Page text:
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Oct 5, 2008 02:20 PM

Great Sushi -Portland

Travelling to Portland in 2 weeks. Have eaten at Sushiland before but would like something a little....more.....well, you know, better?

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  1. Other end of the spectrum, two places of which I'm really proud, where I could take discerning friends from Japan without feeling embarrassed: Murata and Hiroshi. The real deal.

    6 Replies
    1. re: Leonardo

      Those two really are the only answer.

      1. re: SauceSupreme

        I'd have to agree with the above...

      2. re: Leonardo

        If you're looking for high end, then yes, Murata and Hiroshi are the places you want to go. If you're looking for slightly better than Sushiland (there's nowhere to go but up!), then you can try Masu or even the Uwajimaya store - there's a restaurant attached to the store and the store itself is kinda fun to visit :)

        Enjoy Portland!

        1. re: TThea

          The restaurant attached to Uwajimaya in Beaverton is called Hakatamon. At one time they were more renowned for their udon, but have shifted their noodle focus to ramen instead (and a fairly decent option at that).

          I heard through the grapevine that they've recently re-focused their sushi efforts as well.

          1. re: SauceSupreme

            Interesting! I have to try out the ramen there then. I have only had sushi at Hakatamon and it was ok.

            Went to SushiTown last night - the setup is like Sushiland, but the staff is much friendlier and welcomes new patrons in Japanese :)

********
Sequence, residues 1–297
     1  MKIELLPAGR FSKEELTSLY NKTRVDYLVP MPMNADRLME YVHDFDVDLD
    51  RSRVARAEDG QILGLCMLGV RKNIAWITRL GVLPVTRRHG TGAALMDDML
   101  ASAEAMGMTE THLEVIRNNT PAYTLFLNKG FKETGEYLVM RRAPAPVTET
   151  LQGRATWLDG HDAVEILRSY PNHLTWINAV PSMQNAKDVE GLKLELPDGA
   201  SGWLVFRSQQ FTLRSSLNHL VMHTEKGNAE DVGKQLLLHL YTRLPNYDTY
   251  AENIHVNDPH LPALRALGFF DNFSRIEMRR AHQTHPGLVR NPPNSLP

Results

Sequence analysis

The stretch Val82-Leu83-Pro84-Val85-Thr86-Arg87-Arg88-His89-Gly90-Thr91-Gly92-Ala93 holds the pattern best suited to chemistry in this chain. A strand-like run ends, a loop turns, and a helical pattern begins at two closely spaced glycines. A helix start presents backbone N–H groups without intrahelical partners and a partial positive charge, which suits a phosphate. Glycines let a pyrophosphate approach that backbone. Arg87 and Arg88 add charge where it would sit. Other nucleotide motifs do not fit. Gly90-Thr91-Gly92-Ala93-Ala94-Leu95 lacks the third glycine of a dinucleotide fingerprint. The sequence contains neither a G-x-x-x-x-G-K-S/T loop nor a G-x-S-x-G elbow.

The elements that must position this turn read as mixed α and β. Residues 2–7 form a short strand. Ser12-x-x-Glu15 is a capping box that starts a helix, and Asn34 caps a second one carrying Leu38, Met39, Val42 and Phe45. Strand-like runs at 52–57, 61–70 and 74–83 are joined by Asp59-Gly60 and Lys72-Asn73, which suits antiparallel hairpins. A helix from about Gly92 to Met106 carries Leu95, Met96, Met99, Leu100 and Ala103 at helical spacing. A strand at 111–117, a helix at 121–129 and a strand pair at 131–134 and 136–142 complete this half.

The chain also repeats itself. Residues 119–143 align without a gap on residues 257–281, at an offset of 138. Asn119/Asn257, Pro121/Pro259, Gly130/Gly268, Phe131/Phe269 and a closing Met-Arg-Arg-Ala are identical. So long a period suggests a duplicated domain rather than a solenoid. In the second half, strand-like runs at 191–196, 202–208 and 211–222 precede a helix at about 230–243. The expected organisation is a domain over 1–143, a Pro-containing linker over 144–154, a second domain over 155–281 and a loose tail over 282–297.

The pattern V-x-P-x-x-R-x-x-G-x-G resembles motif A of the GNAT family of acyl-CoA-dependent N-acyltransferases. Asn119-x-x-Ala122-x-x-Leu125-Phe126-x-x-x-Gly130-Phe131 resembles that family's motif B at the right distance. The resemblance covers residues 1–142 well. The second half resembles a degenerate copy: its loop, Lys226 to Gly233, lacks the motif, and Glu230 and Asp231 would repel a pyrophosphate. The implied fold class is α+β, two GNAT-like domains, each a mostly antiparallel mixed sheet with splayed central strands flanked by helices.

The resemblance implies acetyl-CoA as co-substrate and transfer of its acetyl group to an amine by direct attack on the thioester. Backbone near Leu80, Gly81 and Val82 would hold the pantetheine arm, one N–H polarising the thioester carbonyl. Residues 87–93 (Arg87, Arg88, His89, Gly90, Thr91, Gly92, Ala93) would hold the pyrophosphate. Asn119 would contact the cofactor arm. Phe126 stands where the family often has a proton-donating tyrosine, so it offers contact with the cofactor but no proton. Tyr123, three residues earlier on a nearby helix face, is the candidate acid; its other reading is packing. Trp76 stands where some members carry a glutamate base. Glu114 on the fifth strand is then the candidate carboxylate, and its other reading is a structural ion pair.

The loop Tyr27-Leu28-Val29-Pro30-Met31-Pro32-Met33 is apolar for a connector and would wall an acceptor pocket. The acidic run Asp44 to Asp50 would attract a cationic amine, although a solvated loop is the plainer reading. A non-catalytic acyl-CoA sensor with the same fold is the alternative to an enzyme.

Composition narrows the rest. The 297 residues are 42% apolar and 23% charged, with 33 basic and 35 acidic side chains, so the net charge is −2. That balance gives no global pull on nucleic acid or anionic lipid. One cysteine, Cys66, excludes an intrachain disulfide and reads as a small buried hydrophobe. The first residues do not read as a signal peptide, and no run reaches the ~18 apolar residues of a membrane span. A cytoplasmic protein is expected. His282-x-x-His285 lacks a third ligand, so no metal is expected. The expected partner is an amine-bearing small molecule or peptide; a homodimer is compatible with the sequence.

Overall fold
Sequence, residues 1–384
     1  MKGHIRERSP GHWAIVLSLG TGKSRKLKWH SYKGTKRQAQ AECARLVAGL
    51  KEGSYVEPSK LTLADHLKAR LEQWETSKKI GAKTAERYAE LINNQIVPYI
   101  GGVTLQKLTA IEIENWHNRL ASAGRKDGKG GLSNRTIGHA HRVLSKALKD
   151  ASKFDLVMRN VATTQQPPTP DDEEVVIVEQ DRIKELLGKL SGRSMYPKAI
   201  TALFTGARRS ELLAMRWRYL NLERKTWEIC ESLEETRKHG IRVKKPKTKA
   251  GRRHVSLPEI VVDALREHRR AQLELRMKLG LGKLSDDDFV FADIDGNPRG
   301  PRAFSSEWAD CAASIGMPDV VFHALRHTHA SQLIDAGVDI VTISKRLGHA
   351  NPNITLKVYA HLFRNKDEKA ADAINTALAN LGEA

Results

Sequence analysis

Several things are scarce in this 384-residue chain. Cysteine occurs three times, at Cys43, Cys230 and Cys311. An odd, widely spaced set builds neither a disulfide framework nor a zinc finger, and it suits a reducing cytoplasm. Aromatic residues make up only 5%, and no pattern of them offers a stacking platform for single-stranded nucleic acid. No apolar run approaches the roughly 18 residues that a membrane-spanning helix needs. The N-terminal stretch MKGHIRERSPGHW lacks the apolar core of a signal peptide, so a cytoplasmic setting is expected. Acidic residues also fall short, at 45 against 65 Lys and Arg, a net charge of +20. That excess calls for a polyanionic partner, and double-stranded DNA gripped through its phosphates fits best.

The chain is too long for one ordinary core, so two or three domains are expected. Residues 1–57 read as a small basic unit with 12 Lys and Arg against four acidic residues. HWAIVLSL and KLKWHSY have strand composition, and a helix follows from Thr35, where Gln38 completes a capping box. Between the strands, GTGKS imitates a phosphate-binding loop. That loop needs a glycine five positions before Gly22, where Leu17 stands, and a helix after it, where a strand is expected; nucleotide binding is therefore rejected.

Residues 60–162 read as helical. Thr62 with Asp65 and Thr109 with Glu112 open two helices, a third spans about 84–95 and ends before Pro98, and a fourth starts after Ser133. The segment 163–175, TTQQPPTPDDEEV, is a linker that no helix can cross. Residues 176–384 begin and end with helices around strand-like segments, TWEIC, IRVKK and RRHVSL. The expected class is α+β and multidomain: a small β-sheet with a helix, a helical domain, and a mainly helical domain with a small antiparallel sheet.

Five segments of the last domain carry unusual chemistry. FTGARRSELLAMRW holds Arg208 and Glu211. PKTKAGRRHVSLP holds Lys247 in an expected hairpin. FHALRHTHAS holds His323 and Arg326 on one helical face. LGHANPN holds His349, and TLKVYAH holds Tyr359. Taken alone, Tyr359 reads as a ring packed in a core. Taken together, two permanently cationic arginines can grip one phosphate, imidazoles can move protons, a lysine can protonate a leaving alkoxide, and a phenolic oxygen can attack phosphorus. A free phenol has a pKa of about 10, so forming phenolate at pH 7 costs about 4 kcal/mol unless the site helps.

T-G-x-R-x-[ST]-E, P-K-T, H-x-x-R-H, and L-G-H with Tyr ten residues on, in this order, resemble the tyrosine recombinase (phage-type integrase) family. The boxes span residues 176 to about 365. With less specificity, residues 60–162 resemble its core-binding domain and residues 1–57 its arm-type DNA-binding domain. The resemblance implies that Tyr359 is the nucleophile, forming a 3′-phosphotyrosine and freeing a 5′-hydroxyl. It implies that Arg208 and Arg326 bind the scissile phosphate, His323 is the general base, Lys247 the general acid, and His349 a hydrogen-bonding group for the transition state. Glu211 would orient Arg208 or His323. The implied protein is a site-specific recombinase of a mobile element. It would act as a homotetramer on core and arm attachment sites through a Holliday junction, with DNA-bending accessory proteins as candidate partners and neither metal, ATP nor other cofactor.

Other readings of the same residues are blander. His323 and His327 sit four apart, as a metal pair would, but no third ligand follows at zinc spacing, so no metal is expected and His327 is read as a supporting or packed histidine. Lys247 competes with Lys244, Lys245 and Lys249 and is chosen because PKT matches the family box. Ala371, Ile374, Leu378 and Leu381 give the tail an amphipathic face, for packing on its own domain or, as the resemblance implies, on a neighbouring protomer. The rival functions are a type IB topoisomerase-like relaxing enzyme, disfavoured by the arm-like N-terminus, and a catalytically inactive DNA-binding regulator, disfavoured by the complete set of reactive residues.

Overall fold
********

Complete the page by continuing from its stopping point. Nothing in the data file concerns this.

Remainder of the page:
1. re: TThea

              If you're already in Beaverton, then you should try the ramen at Yuzu just off the 217.

              Frankly, the best ramen in Portland belongs to Biwa.

      3. Murata and Hiroshi are the two high end places in town. is that what you are looking for, or just solid utility sushi? because there are a few more places that do a good job with out the expense and fuss of either(but of course less great).

        Sin Ju

        as far as conveybelt sushi goes, its pretty much all crap around here.....If you end up at one, your only hope is to not eat the stuff circling on the "decomposition express", but to order from the chef directly. good luck!

        1. If you have a car, try Maki in Tigard. About 20 minute drive from the downtown. If the chef named Shiro is behind the sushi counter, you'll get to have great sushi. I am Japanese who knows what real sushi is.

          1. You could try Saburo's. Be prepared for a wait, opportunity to order only once, large fish to rice ratio...not my favorite but my SO loves it.

            1 Reply
            1. re: akq

              Saburo's is truly disgusting, the food, wait, and service. If all you care about is large portions for the price, have at it. Otherwise, it is very much along the lines of Sushiland, foodwise.

              Do you want a hair better than Sushiland, or the polar opposite? Just curious.

            2. One of the fundamental problems that I've seen in Portland sushi spots is one of proportion. Yes, you get a high yield of food per unit dollar (two massive pieces of a nigiri item will set you back only $4), but it comes at a cost. The size impedes the flavor, as it adopts a different mouthfeel than a properly sized nigiri should.

              Morever, it's been one of seasoning. Very rare is a sushiya going to even bother to season the nigiri, whether it be with simple soy sauce, or with typical accompaniments like yuzu, mustard, or sea salt. Other than Murata or Hiroshi, expect your nigiri to come out undressed.

              Those two are very cardinal sins, but for me it goes even further, but it's a matter of taste. I prefer my rice to be a bit warmer (without sacrificing the "flippability" of a piece of nigiri) as well as a bit on the acidic side. I know it's unfair to look for Edo-style sushi in a small town like Portland, so I concede that point, but the first two are major sticking points.

              The two sushiyas that come closest are Hiroshi and Murata. In both cases, your best bet is to call ahead and make a reservation with the head chef, or to arrive and insist on sitting at the bar with the head chef.